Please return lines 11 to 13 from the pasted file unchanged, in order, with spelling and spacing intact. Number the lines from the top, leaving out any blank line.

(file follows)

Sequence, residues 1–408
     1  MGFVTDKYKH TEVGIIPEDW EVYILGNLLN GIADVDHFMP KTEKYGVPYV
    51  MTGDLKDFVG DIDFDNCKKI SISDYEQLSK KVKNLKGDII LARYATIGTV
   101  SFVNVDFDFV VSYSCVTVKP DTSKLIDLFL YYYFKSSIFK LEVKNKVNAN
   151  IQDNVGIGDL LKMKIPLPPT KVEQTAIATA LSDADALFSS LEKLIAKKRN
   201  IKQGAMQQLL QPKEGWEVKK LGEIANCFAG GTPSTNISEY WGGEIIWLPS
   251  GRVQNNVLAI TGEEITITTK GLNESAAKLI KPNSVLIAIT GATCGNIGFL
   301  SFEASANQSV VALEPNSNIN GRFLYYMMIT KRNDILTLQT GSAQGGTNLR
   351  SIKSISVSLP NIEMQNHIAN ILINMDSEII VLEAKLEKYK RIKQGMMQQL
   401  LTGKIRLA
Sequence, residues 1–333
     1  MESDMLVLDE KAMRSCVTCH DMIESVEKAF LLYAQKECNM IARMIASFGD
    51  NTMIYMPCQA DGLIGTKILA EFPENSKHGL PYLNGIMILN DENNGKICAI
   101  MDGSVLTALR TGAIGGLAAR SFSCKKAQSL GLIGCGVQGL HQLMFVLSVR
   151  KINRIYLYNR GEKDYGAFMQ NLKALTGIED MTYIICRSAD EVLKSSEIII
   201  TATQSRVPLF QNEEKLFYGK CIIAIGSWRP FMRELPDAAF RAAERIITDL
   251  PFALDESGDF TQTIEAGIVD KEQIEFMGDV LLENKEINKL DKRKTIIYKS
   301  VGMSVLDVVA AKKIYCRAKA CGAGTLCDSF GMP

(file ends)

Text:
Sequence, residues 1–333
     1  MESDMLVLDE KAMRSCVTCH DMIESVEKAF LLYAQKECNM IARMIASFGD
    51  NTMIYMPCQA DGLIGTKILA EFPENSKHGL PYLNGIMILN DENNGKICAI